The Malayan Railway started it’s services in Singapore from 1903. Previously known as The Keppel Road Railway Station the building was opened in 1932 to serve as a West Coast Line of the KTM Railway. It was contructed by a French company Brossard and Mopin Ltd. The station was officially opened by Governor Sir Cecil Clementi on 2nd May 1932. The location was directly opposite Tanjong Pagar’s docks which made easy transfer of cargo between steamships and railway trains. In the 1918 agreement, the British colonial government, had handed over the ownership of some 200ha railway land in Singapore, including the Tanjong Pagar Railway Station to the Federated Malay States Railway (FMSR) on a 999 year leasehold term. After independence of Malaysia the ownership went to KTM Berhad a successor company to FMSR owned by the Malaysian government. As part of the separation agreement that Singapore signed with Malaysia in 1965, KTM Berhad was allowed to retain control of the railway land, meaning that Tanjong Pagar Railway Station had become a part of the Malaysian sovereign territory. It was because of this arrangement was why travellers had to clear Malaysian customs even when boarding the train from Singapore.
On 8th of April 2011 the Preservations of Monument Board gazetted the building as a national monument. The impending closure of the station aroused unprecendented public interest towards the building. There were guided tours, people taking train rides just to preserve the memory of ever departing by train from Singapore! I have always loved the Tanjong Pagar Railway Station. Whenever I step into it, I do not feel I am in Singapore, I feel that I am time warped into Malaysia. The food court there also serves very good food, epok-epok (curry puffs) nasi lemak, chappati, pratha, Malay kuihs (cakes) etc, ask the taxi drivers they will tell you where the good food are. I have taken the train from Singapore to Malaysia a couple of times. Somehow I love taking the train. Why? I don’t know. Perhaps it is about the scenes that you see as the train chugs along, green forests, kampung houses, the different train stations and the local scene. Then when you transfer in Kuala Lumpur to connect the night train, it is the beautiful scenes of the paddy fields, mountains, lakes, sunrise, such is the beauty. When we were living in Singapore at Everton Road it was just walking distance to the train station. Many a time I would take a walk to get morning breakfast or just some fried bananas and kuih for afternoon tea, how convenient!
We did a trek along the railway tracks after the train services ceased to leave from Tanjong Pagar Station. It was surreal being able to walk on that very same tracks that tooks us from Singapore to Malaysia once upon a time. We also got to see nature surroundings along the way. Then there was Bukit Timah Station, at one time the train picked up passengers from there, but not anymore.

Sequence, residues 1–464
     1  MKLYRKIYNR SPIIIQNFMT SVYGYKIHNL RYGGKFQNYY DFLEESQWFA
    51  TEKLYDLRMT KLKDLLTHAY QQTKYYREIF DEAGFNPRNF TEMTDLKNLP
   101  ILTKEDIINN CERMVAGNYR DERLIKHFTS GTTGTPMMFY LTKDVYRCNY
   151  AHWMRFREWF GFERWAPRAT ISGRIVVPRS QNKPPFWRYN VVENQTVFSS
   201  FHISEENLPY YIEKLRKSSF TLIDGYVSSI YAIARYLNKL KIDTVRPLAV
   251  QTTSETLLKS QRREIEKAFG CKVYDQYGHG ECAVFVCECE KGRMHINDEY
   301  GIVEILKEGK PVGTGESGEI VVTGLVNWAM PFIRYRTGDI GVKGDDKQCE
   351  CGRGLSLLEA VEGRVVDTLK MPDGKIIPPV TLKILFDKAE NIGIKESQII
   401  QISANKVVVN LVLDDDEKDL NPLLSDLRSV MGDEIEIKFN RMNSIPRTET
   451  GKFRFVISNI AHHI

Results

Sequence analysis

As we walked along we came across Wessex Road. That area also have some old black and white colonial houses and flats, built during the British colonization. Huge balconies, huge space and loads of greenery. Mr K and I almost wanted to move there, because it was so peaceful and tranquil with plenty of greenery and birds singing, it was like not being in Singapore. We came across a very old coffee shop that has a very old fashioned weighing scale from the days of yore. They were also doomed to move but the people in that area wrote in a petition that they should let something so nostalgic remain as it is. So it did, the place is called Colbar. They serve some western meals and local food of course, but it’s so old school that Singapore should retain some of these old time grocery stores or coffee shops for the youngsters nowadays who know not much about them but only fancy cafes and fast foods!
Such was the lush greenery at Wessex Road area Mr K and I wished we lived there. We made an enquiry anyway, but they gave priority to the people who work at Biopolis an IT, bio engineering tower office and the nearest mrt station is Buona Vista. Oh well, we can only admire and envy the people living there.
Now there are only memories. Of the days when taking the train into Malaysia was exciting, well at least for me it was. There is something about train rides that perhaps for me, it adds some kind of adventure, feeling like the “Indiana Jones” kind of movie, or a beautiful seductress spy on the Oriental Express, or just watch the changing scenes as the train moves from destination to destination, unlike the boring airplane where one only sees the sky, clouds and the droning of engines. Perhaps it is just me who loves the old fashioned way of travelling, yes maybe so. Or have been watching too much movies that involves romance, adventures and spies on board train journies. Well, am just plain old fashioned me.